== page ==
"Within 20 years, we will no longer need to import oil from overseas." Last month, I spoke with Dr. Kent Moors on my radio podcast. We talked about an idea I've been following for years. New technologies – like fracking and horizontal drilling – have allowed the U.S. to tap into incredible oil and gas reserves.
My research team and I have gotten a close look at these technologies over the last 12 months in the Permian Basin, Eagle Ford, and the Bakken Shale. This has led to a huge oil boom in America. In 2011, the U.S. was producing 5.5 million barrels of oil per day. Today, it's producing 7.5 million barrels per day. That's a 36% increase in oil production in just two years. And it's the most oil America has produced in 25 years.
Despite this massive boom, the U.S. isn't even close to producing enough oil to meet current demand. But Dr. Moors argues we will be soon. And even if he's half right, a few key players are going to reap enormous rewards.
Americans consume about 18.5 million barrels of oil per day. To reach energy independence, we'd have to increase production by 11 million barrels of oil per day. That's why Dr. Moors' prediction – that in 20 years, the U.S. will no longer need to import oil from overseas – was so shocking.
Dr. Moors is one of the smartest oil analysts in the field. He's a consultant to the world's largest energy companies. And he's basing his call on the latest planning document from the Organization of the Petroleum Exporting Countries (OPEC). OPEC is an oil cartel made up of mostly Middle East countries, and its purpose is to coordinate oil policy. The document projects that not a single member of OPEC will be exporting oil to America a few decades from now.
In other words, the largest oil-producing nations believe America will be energy independent in the not-so-distant future. For the U.S. to become energy independent, it would likely have to open up more shale areas in New York, California, and Florida. It would also have to drill for oil in the Three Forks (under the Bakken shale), the Cline (in the Permian Basin), and the Utica (located under the Marcellus shale). Dr. Moors also suggests that the U.S. will import about 30% of its oil from Canada.
That means the U.S. will need to produce about 13 million barrels of oil per day to meet current demand – 5.5 million barrels more than current production levels. I'm not sure we'll get there in 20 years. But if the U.S. opens up more shale areas and starts importing fewer barrels of oil from overseas, many companies will be huge beneficiaries. I suggest buying some of the largest shale oil producers, like Continental Resources (CLR) and Pioneer Natural Resources (PXD).
These companies drill in the Bakken, Permian Basin, and Eagle Ford – and their oil production numbers are already skyrocketing. Oil-service firms – like Schlumberger (SLB), Baker Hughes (BHI), Weatherford (WFT), and Halliburton (HAL) – will also be winners. These companies sell drilling equipment and services to energy giants like ExxonMobil and Chevron.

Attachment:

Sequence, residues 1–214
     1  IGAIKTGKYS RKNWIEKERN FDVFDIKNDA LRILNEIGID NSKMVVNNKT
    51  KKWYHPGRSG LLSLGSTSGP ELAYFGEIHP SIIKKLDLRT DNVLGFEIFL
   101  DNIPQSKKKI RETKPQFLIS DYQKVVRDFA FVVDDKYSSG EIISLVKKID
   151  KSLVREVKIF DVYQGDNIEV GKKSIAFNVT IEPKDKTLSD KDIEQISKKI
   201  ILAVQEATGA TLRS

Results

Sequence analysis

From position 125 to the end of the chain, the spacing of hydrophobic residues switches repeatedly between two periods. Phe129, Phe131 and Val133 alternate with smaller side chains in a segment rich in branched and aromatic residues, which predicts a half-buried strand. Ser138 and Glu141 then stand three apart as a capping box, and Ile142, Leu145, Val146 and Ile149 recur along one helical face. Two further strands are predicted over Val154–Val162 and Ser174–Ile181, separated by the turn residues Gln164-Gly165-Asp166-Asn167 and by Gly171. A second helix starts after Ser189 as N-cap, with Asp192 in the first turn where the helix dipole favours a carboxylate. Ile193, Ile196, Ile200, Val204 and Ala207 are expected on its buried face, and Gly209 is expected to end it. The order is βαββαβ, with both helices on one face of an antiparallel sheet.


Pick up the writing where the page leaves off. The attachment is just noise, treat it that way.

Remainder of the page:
My favorite pick is Halliburton – which I believe will be bought by General Electric over the next 12 months. As America pushes to become energy independent, these companies will likely put money in investors' pockets.
By Matt Badiali, editor, S&A Junior Resource Trader
Each new number out of the oil sector is bigger than the last. As longtime readers know, we're in the middle of an energy revolution. The technology is advancing so quickly, it's like moving from the Model T to the Ferrari in just a few years... and it's helping the U.S. tap incredible reserves of oil and natural gas.
The latest forecasts are out and they're shocking. If you own energy stocks, you have to see this chart. According to the U.S. Energy Information Administration (EIA), domestic crude oil production will hit 7.8 million barrels per day by 2014. That's the highest production since 1988. It represents an astonishing 56% increase from the recent low of 5 million barrels per day in 2008. This chart below shows exactly what I'm talking about.
What does this mean for investors? Get cautious. As domestic production increases, the U.S. requires fewer imports. (Oil imports are already at their lowest point since 1998 and falling.) That removes a huge chunk of demand from the global market. Prices will drop dramatically. The EIA is forecasting an 8% decline in the global oil price and a 15% decline in 2014.
If you own high-cost producers – companies that have to spend a lot of money to pump a barrel of oil – you should cut them loose. Take Suncor (NYSE: SU), for example. Suncor is the "poster child" of Canada's oil sands. These energy deposits are tough to mine.
According to Bloomberg, it cost Suncor $139.94 to produce one barrel of oil in 2011 (the most recent data available). Compare that to ExxonMobil (NYSE: XOM) – the world's best oil company – which spent just $9.44 a barrel on average. When you have to spend a lot of money to produce oil, you make a lot less selling it. Suncor's profit margin was just 7.3% in 2012, even with high domestic oil prices.
This company could begin to lose money if oil prices fall even slightly. Many other oil producers are in the same situation. If you own any high-cost producers, take some money off the table and protect yourself. The oil production numbers we're seeing today are extraordinary... and they're just going to get bigger.